If most folks knew nothing about us and cared nothing about us in this life, that will not be the case when we reach our eternal home. And the first thing we will all want to hear and rejoice in will be these words: “Well done, good and faithful servant.”

So being a nobody now is quite all right. It is the main means by which God gets His job done on planet Earth. As Paul put it in 1 Corinthians 1:26-31:

For consider your calling, brothers: not many of you were wise according to worldly standards, not many were powerful, not many were of noble birth. But God chose what is foolish in the world to shame the wise; God chose what is weak in the world to shame the strong; God chose what is low and despised in the world, even things that are not, to bring to nothing things that are, so that no human being might boast in the presence of God. And because of Him you are in Christ Jesus, who became to us wisdom from God, righteousness and sanctification and redemption, so that, as it is written, “Let the one who boasts, boast in the Lord.”

One could add to that list: God has not chosen many who are photogenic or telegenic, who are superstars or well-known celebs, or social influencers or Hollywood heartthrobs. Instead, He has chosen very ordinary folks like you and me.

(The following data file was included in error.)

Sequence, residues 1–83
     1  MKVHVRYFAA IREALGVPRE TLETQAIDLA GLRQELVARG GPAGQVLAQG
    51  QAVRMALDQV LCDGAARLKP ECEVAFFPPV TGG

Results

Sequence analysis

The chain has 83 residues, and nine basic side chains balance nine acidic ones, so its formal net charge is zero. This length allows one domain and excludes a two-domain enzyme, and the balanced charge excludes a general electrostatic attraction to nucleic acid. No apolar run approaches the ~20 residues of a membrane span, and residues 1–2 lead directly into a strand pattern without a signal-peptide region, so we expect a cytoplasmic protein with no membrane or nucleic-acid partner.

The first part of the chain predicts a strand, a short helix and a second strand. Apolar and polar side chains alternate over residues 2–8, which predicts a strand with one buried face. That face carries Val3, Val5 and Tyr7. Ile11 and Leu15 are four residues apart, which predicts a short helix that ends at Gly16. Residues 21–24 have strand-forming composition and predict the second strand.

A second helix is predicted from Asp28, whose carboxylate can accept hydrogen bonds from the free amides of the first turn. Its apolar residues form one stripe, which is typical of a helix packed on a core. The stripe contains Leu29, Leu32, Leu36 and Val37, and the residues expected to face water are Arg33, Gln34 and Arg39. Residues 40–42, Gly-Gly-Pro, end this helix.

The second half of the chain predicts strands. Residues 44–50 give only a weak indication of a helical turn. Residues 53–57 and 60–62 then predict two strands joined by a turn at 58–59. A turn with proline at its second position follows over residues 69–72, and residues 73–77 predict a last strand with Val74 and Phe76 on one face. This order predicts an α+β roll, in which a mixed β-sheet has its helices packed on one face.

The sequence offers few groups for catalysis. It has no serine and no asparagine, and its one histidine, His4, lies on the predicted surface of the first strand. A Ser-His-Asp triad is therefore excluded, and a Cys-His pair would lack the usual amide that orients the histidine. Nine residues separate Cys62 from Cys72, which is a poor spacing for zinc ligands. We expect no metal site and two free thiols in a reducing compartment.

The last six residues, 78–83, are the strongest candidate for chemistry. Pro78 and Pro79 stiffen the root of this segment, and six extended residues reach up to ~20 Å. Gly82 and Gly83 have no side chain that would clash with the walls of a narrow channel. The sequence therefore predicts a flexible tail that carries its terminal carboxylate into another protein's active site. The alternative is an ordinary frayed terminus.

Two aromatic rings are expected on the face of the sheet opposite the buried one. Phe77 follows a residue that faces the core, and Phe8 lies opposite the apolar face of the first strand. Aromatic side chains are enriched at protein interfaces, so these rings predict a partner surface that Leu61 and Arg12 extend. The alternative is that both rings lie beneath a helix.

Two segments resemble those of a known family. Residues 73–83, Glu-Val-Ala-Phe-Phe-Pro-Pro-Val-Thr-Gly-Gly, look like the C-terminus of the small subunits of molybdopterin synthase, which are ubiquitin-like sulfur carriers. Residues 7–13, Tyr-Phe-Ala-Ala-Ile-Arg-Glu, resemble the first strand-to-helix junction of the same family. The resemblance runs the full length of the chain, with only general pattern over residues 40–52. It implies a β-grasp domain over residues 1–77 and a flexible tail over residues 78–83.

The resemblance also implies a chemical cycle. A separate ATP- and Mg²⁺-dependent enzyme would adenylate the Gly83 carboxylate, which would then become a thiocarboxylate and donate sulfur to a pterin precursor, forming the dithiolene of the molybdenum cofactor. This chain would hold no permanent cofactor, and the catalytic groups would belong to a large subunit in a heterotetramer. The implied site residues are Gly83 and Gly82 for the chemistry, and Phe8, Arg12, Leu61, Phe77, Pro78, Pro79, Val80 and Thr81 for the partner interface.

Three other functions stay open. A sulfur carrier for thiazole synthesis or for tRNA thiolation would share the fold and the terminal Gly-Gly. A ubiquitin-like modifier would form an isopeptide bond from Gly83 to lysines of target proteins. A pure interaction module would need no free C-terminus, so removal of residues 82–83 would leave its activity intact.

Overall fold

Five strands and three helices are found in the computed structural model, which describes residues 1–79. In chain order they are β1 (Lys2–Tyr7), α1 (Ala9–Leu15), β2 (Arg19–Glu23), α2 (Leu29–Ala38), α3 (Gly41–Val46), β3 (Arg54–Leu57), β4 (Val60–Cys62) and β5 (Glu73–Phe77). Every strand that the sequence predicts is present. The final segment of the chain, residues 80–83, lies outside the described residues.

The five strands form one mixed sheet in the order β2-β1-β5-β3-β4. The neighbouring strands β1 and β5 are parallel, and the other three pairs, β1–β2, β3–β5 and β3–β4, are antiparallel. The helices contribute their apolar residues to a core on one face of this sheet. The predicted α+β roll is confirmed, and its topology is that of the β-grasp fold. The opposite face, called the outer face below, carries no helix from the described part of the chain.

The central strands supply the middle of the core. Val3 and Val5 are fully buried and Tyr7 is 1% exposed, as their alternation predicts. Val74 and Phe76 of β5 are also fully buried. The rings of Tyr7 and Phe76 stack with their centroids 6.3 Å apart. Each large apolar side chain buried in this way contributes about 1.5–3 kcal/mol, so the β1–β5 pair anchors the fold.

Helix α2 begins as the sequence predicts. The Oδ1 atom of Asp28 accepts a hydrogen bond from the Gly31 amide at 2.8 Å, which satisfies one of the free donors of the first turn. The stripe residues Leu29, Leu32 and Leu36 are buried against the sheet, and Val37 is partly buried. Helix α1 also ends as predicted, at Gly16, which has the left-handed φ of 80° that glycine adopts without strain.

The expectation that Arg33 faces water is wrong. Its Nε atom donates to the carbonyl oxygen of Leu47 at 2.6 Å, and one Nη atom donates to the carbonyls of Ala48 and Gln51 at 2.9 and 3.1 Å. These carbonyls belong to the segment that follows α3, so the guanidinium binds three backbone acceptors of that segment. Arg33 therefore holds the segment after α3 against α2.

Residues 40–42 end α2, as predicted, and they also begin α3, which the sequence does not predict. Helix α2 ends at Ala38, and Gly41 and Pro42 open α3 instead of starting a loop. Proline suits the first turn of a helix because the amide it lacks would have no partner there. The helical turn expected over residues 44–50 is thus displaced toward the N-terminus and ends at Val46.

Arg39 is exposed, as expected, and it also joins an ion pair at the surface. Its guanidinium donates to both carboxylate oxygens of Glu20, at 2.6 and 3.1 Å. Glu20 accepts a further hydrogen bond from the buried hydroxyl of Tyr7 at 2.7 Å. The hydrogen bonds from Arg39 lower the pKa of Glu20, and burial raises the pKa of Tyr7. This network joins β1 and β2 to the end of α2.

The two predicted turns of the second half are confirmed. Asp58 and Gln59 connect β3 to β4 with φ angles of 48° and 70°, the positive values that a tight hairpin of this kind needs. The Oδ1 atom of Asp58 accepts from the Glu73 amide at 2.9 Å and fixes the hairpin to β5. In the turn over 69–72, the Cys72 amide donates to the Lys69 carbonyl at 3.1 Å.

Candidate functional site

As D. L. Moody once put it about a very well-known character: “Moses spent forty years thinking he was somebody; forty years learning he was nobody; and forty years discovering what God can do with a nobody.” That should be how we personally look at these matters as well.

Forget about the celebrity culture. Forget about the rich and famous. Concentrate on being everything God wants you to be. His recognition of you is more than sufficient. His deep familiarity with you is more than enough.


Republished with thanks to CultureWatch. Image courtesy of Tobe Roberts.